However, he argues that the gains in the JPY justify intervention on domestic policy grounds. “In a flexible exchange-rate system, each country conducts monetary policy independently, based on domestic objectives, and accepts the resulting exchange rate. But when exchange-rate movements become sharp or erratic, monetary authorities have the authority – even the obligation – to intervene to smooth them out.”
He said, “What the MOF should do is intervene courageously in currency markets to stem the yen’s appreciation. Speculators will learn a tough lesson, and Japan’s economy could get back on track. Though Japan may become a scapegoat for the failure of the TPP, it seems unlikely that the deal would be ratified in any case, given the current political climate in the United States. An alternative would be for the BOJ to purchase foreign securities.”
Japan vs. the Currency Speculators, KOICHI HAMADA – www.project-syndicate.org
It is unclear what if any influence his views have on policymakers in Japan. But they may indicate something of a mood shift in Japan on the exchange rate. Monetary Policy in Japan cannot work if the JPY continues to strengthen. It is a pretty straightforward axiom that easier monetary policy goes hand-in-hand with a weaker exchange rate.
Japan is arguably experiencing the biggest dis-inflation problem, its policy easing should have a very long way to run. Therefore a persistently strong JPY is incongruous with this and something the policymakers in Japan need to address if they have any hope of achieving their inflation target goals.
The BoJ has been quiet about the influence of the stronger JPY in damaging its monetary policy effectiveness this year. It is clear that this is a politically sensitive topic. Kuroda did not mention it in his speech at Jackson Hole. We hope that if the BoJ do further lower the NIRP on 21 September it has some tacit support from the MoF that it will send a message to the market that it is more prepared to intervene to prevent rapid and sustained further gains in the JPY.
As for BoJ purchasing foreign bonds. We think this would be a good policy, but is highly unlikely since it would be seen as overtly aiming to weaken the currency and direct interference in other countries’ monetary policy.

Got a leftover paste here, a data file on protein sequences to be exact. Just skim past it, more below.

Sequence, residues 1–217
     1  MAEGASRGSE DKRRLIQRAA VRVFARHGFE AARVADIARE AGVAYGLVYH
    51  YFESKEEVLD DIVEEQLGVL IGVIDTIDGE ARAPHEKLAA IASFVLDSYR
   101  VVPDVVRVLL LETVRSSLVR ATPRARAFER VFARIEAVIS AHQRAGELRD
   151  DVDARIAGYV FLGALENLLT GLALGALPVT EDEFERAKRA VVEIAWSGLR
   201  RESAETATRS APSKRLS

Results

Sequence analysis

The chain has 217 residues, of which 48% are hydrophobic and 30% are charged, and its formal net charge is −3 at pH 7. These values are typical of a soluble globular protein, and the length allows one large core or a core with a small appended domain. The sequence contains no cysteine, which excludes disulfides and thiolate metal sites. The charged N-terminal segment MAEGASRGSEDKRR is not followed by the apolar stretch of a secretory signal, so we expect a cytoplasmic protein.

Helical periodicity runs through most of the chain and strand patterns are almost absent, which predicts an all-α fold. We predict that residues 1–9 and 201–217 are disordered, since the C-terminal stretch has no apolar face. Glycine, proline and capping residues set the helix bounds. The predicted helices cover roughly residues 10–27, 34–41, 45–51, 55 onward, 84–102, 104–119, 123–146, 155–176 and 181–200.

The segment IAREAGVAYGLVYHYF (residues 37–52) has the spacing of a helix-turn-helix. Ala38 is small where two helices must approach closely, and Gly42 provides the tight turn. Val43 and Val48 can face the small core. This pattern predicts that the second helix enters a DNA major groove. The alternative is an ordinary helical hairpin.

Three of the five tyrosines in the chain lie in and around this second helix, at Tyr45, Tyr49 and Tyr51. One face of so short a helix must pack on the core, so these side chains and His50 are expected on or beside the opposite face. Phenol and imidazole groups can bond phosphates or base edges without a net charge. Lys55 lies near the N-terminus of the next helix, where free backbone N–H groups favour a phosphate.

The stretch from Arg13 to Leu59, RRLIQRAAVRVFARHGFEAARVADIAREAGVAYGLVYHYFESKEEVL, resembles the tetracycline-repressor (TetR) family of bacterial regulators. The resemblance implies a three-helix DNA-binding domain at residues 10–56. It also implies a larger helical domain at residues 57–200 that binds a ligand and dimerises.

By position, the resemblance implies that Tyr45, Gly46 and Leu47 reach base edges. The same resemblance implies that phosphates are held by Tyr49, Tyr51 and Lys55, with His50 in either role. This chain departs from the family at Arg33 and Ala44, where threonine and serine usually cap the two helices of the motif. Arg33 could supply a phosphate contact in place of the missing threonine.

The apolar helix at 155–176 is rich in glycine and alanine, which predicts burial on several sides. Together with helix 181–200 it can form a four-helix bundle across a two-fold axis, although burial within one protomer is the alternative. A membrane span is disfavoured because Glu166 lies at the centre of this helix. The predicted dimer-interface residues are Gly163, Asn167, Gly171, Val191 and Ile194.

Unclear what BoJ thinks on QE
It appears that the BoJ may be moving in the direction of lowering the cash rate. It is unclear what they may do with QE. It is possible they adjust the pace of purchases to calibrate them with some overall yield level target. This may help steepen the curve, especially if the JPY were to weaken.
But the key has to be the level of perceived real long term yields. Ideally the BoJ would like to see a steeper yield curve resulting from higher inflation expectations, not higher real yields.
Ultimately the purpose of QE asset purchases is to lower real yields to encourage more investment. The actual volume of QE may be less relevant than the overall level of yields. As such, I do not think it follows that a recalibration of JGB purchases is necessarily bullish for the JPY. I do not see it counteracting the possible negative reaction the JPY should have to a further lowering of the cash rate target.
In His Jackson Hole speech, Kuroda’s also noted that Japanese long term bond yields fell much more than cash rates, after he implemented NIRP combined with QE. And, furthermore, this reaction was much greater than that experienced in Europe in response to the ECBs NIRP/QE policy. Although cautious to not say too much, one might conclude from his remarks that he might prefer a steeper yield curve. A steeper yield curve might be seen as less negative for Japanese bank profitability and Japanese stocks.
A turn in JPY may have broader implications
A turn to a consistently weaker JPY may have significant global market implications. For one it may reverse some of the broad weakening influence in the USD we have seen this year.
It may contribute to some upward pressure on global bond yields, but this may be counteracted by a lower NIRP preventing a big overall rise in Japanese or global yields.
It may reduce some of the scramble for yield driving funds into EM and commodity currencies, especially if the USD more broadly appears stronger and reconnects to some extend with the higher US yield advantage this year. However, it may also revert attention from funding high yield investment from selling USD towards selling JPY.
The performance of the EM and commodity currencies may also depend on the evolving outlook for US rates which are back to being data dependent.